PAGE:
The PN MP also made reference to Malta’s potential carrying capacity of 4.7 million tourists by 2027, following a study done in 2022 by the Malta Hotels and Restaurants Association, in collaboration with Deloitte Malta. However, he said that despite the study going in the right direction, there was very little discussion on the figures. Despite not advocating for a cap on tourism capacity, de Marco noted that Malta needs a planned approach on the matter, and set realistic targets.

De Marco also questioned the Malta Tourism Authority’s marketing strategy, and asked whether it was still feasible for the government to invest in recurring funds and check on the cost of benefit. He added that the MTA has no objective transparency criteria, “resulting in lack of accountability”. The PN MP urged for a discussion on the matter to discuss the issue which he hopes will lead to a more equal level playing field for competitors.

Moreover, he said that air connectivity should be given more importance, given that it is one of the main pillars for the tourism industry. Whilst noting that KM Airlines cannot be compared to Malta’s previous national airline, he said that more needs to be done to avoid the same fate of bankruptcy. “Sometimes we have to follow rather than lead,” he said, whilst questioning whether it was time for Malta to spread its air market share with other airlines like in other countries.

On his end, MHRA President Tony Zahra also commented on this aspect and said that “it’s clear decision makers need to take decisions which might not be very pleasant.” Zahra said that, when it comes to tourists, “the American market is the best market, people spend the largest amounts of money.”

Commenting on the future-proofing of the hospitality industry in general, the MHRA president said that the problems within the industry lie in the very basics. He said that industry operators need to ensure they are offering the best hospitality experience by having well-trained people who are customer-facing, who smile, give good service, and find purpose in their job. Zahra also mentioned artificial intelligence as a tool to better curate customer profiles.

“Adapt and adopt, otherwise we are going to be left behind,” he said. 

Key Findings from the Hotel Performance Results for Quarter 1 and Restaurants Survey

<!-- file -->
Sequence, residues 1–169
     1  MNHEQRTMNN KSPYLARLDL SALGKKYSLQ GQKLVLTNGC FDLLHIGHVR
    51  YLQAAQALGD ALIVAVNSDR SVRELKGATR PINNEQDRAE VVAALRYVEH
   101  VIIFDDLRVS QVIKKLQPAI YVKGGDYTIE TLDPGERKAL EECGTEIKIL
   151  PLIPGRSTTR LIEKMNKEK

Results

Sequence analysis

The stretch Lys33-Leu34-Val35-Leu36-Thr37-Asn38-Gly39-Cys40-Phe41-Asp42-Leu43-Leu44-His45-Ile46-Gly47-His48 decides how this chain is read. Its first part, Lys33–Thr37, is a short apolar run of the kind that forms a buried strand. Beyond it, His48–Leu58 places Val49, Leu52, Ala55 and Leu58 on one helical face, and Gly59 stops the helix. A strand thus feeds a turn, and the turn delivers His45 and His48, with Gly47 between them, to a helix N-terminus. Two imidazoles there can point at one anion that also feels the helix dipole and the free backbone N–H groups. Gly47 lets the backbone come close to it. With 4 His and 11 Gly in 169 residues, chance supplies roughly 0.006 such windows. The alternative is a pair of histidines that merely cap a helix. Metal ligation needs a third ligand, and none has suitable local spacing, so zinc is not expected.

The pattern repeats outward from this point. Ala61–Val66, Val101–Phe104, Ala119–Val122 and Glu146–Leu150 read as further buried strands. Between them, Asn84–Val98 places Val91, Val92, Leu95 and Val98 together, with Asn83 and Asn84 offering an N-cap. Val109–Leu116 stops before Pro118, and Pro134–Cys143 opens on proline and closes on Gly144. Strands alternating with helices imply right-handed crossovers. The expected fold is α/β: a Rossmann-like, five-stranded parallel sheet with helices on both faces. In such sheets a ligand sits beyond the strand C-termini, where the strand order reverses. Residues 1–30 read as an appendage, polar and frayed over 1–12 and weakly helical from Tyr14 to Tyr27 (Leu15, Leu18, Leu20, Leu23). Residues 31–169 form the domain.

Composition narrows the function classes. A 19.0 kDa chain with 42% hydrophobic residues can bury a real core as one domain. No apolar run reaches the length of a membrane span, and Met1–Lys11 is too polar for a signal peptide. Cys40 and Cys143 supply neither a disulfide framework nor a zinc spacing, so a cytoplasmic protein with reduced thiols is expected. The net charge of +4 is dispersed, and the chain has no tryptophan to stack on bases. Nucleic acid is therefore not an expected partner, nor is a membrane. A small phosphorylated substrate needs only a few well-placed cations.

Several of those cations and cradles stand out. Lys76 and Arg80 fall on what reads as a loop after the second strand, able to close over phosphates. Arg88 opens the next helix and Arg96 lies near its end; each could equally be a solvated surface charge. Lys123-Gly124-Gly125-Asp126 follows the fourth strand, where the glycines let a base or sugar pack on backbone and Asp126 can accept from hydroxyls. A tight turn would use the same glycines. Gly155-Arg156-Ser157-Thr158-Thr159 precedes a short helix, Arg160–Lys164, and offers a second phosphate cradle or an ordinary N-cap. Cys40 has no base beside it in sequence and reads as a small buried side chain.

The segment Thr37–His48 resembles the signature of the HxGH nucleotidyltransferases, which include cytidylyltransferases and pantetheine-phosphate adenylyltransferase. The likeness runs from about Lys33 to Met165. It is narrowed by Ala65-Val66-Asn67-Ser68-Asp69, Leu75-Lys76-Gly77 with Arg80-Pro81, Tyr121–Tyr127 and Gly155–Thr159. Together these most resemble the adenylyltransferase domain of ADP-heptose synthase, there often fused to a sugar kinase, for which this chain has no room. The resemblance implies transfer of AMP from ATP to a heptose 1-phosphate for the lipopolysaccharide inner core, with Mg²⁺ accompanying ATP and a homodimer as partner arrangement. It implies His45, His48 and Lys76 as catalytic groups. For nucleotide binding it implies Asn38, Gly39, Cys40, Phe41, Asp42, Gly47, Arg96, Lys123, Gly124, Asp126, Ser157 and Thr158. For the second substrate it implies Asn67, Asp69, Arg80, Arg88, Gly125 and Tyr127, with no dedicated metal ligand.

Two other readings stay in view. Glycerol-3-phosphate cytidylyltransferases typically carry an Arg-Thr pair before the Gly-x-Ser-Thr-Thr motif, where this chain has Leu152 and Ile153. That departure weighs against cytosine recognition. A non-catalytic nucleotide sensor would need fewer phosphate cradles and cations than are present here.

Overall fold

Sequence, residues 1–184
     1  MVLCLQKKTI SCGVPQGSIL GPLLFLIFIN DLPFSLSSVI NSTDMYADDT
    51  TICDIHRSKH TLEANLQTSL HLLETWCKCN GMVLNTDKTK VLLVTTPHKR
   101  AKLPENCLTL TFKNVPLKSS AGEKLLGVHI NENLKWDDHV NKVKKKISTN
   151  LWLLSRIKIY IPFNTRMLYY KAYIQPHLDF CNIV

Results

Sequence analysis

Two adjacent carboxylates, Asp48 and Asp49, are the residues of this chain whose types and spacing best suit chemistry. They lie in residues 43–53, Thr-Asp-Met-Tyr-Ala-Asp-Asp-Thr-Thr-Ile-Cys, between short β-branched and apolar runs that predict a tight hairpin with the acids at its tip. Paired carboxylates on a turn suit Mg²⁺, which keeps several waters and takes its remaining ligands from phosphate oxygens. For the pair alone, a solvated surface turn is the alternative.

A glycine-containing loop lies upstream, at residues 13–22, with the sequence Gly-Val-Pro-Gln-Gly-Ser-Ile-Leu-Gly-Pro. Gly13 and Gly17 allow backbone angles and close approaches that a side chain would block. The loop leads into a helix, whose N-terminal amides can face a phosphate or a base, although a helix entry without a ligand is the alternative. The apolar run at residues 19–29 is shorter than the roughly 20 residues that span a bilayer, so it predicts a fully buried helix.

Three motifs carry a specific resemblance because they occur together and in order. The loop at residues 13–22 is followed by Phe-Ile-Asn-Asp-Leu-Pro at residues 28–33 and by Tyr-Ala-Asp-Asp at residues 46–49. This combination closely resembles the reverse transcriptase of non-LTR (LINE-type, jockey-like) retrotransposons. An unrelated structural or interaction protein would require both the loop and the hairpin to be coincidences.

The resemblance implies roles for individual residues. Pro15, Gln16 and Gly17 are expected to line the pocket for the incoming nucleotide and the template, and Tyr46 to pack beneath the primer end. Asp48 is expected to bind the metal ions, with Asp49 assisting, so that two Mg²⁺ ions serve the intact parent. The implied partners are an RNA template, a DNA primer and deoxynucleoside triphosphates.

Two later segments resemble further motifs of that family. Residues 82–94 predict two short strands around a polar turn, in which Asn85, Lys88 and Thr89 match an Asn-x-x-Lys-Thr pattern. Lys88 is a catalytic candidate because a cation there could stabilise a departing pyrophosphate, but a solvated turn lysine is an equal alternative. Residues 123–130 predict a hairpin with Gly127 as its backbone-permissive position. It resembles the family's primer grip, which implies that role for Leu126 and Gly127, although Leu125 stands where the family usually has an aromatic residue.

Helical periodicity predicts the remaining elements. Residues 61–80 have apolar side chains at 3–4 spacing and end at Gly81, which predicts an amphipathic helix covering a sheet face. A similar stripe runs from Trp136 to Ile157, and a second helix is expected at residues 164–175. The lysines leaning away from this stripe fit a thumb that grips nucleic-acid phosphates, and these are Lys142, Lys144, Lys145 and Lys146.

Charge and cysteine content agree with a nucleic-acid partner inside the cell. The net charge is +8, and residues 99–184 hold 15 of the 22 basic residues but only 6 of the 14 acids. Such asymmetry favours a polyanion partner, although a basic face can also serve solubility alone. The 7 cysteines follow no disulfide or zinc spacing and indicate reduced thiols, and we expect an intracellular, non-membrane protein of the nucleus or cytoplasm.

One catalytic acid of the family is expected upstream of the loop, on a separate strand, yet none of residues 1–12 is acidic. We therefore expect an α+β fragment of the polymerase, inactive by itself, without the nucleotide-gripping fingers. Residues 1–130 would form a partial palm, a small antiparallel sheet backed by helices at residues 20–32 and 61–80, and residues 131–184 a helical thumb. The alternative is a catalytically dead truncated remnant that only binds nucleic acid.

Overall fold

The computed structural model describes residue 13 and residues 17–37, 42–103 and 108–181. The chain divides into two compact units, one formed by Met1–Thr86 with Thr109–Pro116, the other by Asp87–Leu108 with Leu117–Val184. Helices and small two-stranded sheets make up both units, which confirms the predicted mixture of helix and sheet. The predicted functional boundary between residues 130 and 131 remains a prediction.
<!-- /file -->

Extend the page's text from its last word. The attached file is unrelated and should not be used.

In a report by Deloitte Malta, data showed that in comparison to the first quarter of 2023, the first quarter of 2024 saw an increase in tourist arrivals by 17.7%. The number of nights tourists chose to spend also saw an increase of 31.3% for the same period.

In the same quarter, when compared to 2023, tourists preferred to spend their nights in collective accommodation, which saw an increase in market share to 58.4% from 55.3% last year.

In a survey involving 46 hotels for the first quarter of 2024, 18 of which were located in the Sliema-St. Julian’s area, figures showed that tourists preferred to stay in five-star hotels. Presenter Financial Advisory Leader Matthew Xuereb said that five-star operators have seen rates approaching pre-Covid levels in the first quarter of 2024.

Despite having a more rapid recovery post-Covid-19 pandemic, four-star hotels led in their average daily rate, which increased by 13.7% during the first quarter of this year compared to 2023. The four-star hotel category also led in non-accommodation income, with a 12.2% increase compared to 11.1% in five-star hotels. In the three-star category, there was only a 0.8% increase.

Overall, the most significant payroll cost increase was seen in the three-star hotel category with a 29.3% rise for the same period, followed by a 15.7% increase in five-star hotels and a 10.7% increase in four-star hotels.

In the restaurant survey, a total of 45 restaurants participated. Xuereb noted that given the lack of participation, these results are not representative of the industry.

Figures showed that 60% of respondents came from family-owned restaurants, with 63% of these stating they were first generation. In the first quarter, these restaurants reported under 50 daily covers, with fewer than 100 over the weekend. When compared to 2023, restaurant owners reported the same median spending of €25-€35 per person in the first quarter of 2024.

Additionally, these restaurants employed 80% of their personnel who are non-Maltese. Figures show that 62% of these employees have spent more than two years with the same establishment, and overall their employers are rather satisfied with their performance.